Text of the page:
When Paul Morrison and I met to chat for this Tip of the Toque profile in the latest SBC Skier magazine, we got way-sidetracked discussing the tar sands, Harper, Burnaby Mountain, CEO salaries, whether it’s possible to have an adventurous and fulfilling life with kids, and how hard it has become to find a parking space in Whistler during Christmas week (even if you have lived here for 40 years.) Maybe it was the beers (Whistler Brewing Chestnut Ale. So good.) but it was rambling and great and pretty much why I think portrait-writing is the funnest gig out there. Shooting the breeze with inspiring folk is always a privilege. Especially those who had the guts to put it all on red. All hail the King.
Paul Morrison / The Magician’s Hour
18 years old, school in the rearview mirror (“Most penitentiaries today look more inviting than my old school”) and the big mountains of the West filling the windscreen of a custom-fitted ’63 Ford van, Paul Morrison headed to Whistler. It was 1973, and the resort wasn’t much more than a muddy parking lot and a promise. But the promise came good, for both Morrison and Whistler Blackcomb.
Forty years, 250 magazine covers, thousands of beers and too many shutter-clicks to count later, Paul Morrison is, quite possibly, the reason you are reading this magazine, its longest-standing and most prolific contributor. He’s held a decades-long spot on the masthead of SKIER and Powder as Senior Photographer, along with a 30-year symbiotic relationship as one of Whistler Blackcomb’s official photographers.
His images have been synonymous with the careers like Eric Pehota, Trevor Petersen, and Dan Treadway, and he’s still shooting a fresh crop of talent that these days includes Stan Rey, Izzy Lynch, James Heim and Ian Morrison, his 23 year old son who landed on his first cover aged 15.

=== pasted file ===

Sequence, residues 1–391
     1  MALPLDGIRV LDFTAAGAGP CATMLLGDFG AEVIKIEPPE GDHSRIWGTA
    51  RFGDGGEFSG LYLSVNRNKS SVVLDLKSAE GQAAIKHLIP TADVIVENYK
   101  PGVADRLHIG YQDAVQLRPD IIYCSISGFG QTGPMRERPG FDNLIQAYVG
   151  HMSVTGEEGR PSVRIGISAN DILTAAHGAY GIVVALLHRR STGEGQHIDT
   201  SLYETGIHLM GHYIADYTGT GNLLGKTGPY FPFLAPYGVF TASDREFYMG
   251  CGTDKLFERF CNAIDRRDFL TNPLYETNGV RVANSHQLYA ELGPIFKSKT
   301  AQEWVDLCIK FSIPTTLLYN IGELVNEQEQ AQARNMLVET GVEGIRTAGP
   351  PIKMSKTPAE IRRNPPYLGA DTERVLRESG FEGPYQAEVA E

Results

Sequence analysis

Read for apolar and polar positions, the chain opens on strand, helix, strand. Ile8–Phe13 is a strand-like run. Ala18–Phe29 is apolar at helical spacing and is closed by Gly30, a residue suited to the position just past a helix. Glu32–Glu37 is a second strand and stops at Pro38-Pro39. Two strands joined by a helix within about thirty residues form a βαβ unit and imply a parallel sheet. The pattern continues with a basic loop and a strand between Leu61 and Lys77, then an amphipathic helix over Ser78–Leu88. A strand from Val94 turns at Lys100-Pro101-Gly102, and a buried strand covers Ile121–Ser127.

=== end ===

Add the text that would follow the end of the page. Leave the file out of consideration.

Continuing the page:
Along the way, Morrison lived in a van, broke his back, married a girl he met on the gondola, spawned a little ripper, got caught in avalanches, shot a few weddings (“It’s way too stressful to be responsible for somebody’s memories”), had adventures, (“Skiing’s taken me to Bulgaria, Argentina, Chile…”) – but more than that, he made a career as a ski photographer with no plan B.
With every success, he widened the slipstream behind him for the next generation of Canadian ski photographer. Blake Jorgenson and Jordan Manley cite him as an influence for shooting natural light; Morrison’s leitmotif became mood-rich ski action shots, harnessing the finicky light of “the magic hour” of an alpine sunset.
As head judge of Whistler Blackcomb’s career-making Deep Winter and Deep Summer Photo Showdowns, Morrison knows all too well the depth and ferocity of talent biting at his heels. “Blake Jorgenson, Jordan Manley, Rueben Krabbe – they’re the best and behind them is a whole wave of guys aspiring to do what we do.”
But, 61, he’s still shooting, editing his own images and holding his own. “I get emails from India all the time with offers to work as my photo editor. That country has a lot of excess brain power.
“It used to be just me, maybe two or three other guys, and two big mountains. Now, in Whistler, there’s 50 people trying to do the same thing, and the mountain’s just getting busier, not bigger.”
But if there is such a thing as an apprenticeship in light magic, Morrison did his, when a roll of film cost $20, a published photo paid $50, and a camera without autofocus set you back $3000. So, the master remains at the helm, whispering to the light, and getting the kids to carry the packs.
“I’ve been a ski photographer for my entire career and that was my only goal. I didn’t start off wanting to do anything else, so if I can make it to 65, I’ll be happy.”
Photos by Paul Morrison. Follow him on Instagram for more candy.